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In re Chapman

Supreme Judicial Court of Massachusetts, Essex

May 16, 2019

WAYNE CHAPMAN, petitioner.

          Heard: January 8, 2019.

         Petitions filed in the Superior Court Department on July 14, 2012, and February 18, 2016.

         After consolidation, a motion for discharge, filed on July 31, 2018, was heard by Christopher K. Barry-Smith, J. The Supreme Judicial Court granted an application for direct appellate review.

          Mary P. Murray for the Commonwealth.

          Eric Tennen (Joseph N. Schneiderman also present) for the petitioner.

          Benjamin H. Keehn, Committee for Public Counsel Services, for Committee for Public Counsel Services, amicus curiae, submitted a brief.

          Present: Gants, C.J., Lenk, Gaziano, Lowy, Budd, & Cypher, JJ.

          GANTS, C.J.

         The issue presented in this appeal is whether, under the statutory scheme set forth in G. L. c. 123A, an individual who seeks to be discharged from civil commitment as a sexually dangerous person must remain civilly committed awaiting trial, sometimes for years, after both qualified examiners have concluded that he or she is no longer sexually dangerous. In Johnstone, petitioner, 453 Mass. 544, 553 (2009), we held that G. L. c. 123A implicitly provides that an individual may not be civilly committed as a sexually dangerous person, or have his or her civil commitment continued after petitioning for release from custody, unless at least one of two qualified examiners offers the opinion that the individual is sexually dangerous. We held that, where neither of the two qualified examiners concludes that the individual is a sexually dangerous person, the Commonwealth "cannot rely upon other sources of potential expert evidence ... to meet its burden of proof," and the petitioner is entitled to release before trial. Id. at 545, 553. In this case, the Commonwealth asks us to revisit our holding in Johnstone and to hold that the Commonwealth may proceed to trial where it has expert opinion, other than the expert opinion of a designated qualified examiner, that the individual is or remains sexually dangerous.

         The Commonwealth has failed to persuade us that Johnstone was incorrectly decided; nor has the Commonwealth provided any evidence that the holding in Johnstone has compromised public safety. We therefore decline to reject a statutory interpretation that has been applied in sexual dangerousness cases for approximately ten years. Furthermore, we conclude that our interpretation of G. L. c. 123A in Johnstone obviates any need to address the due process concerns that might arise if a civil commitment could be prolonged despite the conclusion of both qualified examiners that an individual is not sexually dangerous, and honors the presumption that the Legislature intends its statutes to pass constitutional muster. For these reasons, we affirm the Superior Court judge's order allowing Wayne Chapman's petition for release from civil commitment because neither of two qualified examiners found him presently to be sexually dangerous.[1]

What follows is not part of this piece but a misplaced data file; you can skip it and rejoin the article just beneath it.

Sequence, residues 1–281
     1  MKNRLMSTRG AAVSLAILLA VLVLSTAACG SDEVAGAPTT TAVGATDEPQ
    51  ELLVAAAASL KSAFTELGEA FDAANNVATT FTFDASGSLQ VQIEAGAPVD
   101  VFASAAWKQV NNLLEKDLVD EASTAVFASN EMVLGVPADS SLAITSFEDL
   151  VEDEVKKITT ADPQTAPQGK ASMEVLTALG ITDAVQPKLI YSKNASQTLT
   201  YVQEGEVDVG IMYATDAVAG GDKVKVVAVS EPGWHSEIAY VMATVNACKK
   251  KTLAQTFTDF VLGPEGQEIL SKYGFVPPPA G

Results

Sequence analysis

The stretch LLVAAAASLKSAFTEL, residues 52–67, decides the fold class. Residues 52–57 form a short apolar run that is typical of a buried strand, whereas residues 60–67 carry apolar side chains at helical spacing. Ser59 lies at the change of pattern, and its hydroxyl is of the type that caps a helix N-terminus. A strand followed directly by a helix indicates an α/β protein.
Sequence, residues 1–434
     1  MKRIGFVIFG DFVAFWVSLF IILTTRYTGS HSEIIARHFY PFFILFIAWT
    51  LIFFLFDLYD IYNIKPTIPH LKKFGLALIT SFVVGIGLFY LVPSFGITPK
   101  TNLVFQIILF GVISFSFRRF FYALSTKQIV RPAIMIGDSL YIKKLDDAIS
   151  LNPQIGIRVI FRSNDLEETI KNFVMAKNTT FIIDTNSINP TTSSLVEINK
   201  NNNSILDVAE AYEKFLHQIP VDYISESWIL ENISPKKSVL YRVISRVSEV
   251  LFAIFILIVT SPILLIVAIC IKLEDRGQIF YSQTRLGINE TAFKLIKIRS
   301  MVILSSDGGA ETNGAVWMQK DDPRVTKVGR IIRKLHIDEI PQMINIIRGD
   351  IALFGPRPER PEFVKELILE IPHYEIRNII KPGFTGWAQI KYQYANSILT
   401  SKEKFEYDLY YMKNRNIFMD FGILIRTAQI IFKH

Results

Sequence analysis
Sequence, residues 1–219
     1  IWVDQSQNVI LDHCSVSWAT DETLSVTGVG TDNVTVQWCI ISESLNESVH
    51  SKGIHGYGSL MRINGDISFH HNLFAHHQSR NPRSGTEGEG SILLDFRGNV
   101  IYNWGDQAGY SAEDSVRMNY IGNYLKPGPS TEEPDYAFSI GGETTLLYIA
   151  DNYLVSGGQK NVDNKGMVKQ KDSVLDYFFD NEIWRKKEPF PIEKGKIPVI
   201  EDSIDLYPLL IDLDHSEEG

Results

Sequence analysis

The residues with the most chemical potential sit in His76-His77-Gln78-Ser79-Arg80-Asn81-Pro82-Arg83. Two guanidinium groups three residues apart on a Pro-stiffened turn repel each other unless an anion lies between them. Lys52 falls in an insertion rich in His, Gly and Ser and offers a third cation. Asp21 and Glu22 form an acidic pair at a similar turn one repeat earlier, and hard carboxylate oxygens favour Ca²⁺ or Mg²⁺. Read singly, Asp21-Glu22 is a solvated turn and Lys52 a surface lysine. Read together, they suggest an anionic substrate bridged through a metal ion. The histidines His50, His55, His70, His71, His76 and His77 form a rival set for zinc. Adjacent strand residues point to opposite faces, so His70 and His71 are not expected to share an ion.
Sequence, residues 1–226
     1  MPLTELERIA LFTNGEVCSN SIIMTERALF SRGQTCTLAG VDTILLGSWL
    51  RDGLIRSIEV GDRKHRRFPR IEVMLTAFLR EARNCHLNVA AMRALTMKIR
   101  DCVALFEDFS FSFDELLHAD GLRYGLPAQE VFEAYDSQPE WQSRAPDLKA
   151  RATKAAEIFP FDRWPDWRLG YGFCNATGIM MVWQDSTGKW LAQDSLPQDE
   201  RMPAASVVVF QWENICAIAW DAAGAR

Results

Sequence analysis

In September 1977, Chapman was convicted of two counts of rape of a child and sentenced to a prison term of not less than fifteen and not more than thirty years. See Commonwealth v. Chapman, 444 Mass. 15, 16 (2005). In November 1977, Chapman was found to be a sexually dangerous person under the predecessor statute to the current G. L. c. 123A. Id. As a result, in March 1978, he was transferred from prison to the Massachusetts Treatment Center (treatment center), where he was committed for an indefinite term of from one day to life.[2]'[3] Id. at 16 & n.1.

         In 1991, Chapman petitioned for release from civil commitment. Under G. L. c. 123A as it existed at the time of Chapman's petition, "if, at any annual [discharge] hearing to which [a sexually dangerous person was] entitled, the Commonwealth fail[ed] in its burden of proving continued sexual dangerousness, and part of the original sentence then remain[ed], the person [was] returned to ordinary confinement to serve the remainder of his [or her] term." Commonwealth v. Rodriguez, 376 Mass. 632, 640 (1978). See Chapman, 444 Mass. at 18 n.5. Following a hearing, the judge concluded that the Commonwealth had failed to prove beyond a reasonable doubt that Chapman continued to be sexually dangerous and ordered him to be discharged from the treatment center and transferred back to prison to serve the remaining years on his sentence. Chapman, supra at 18 .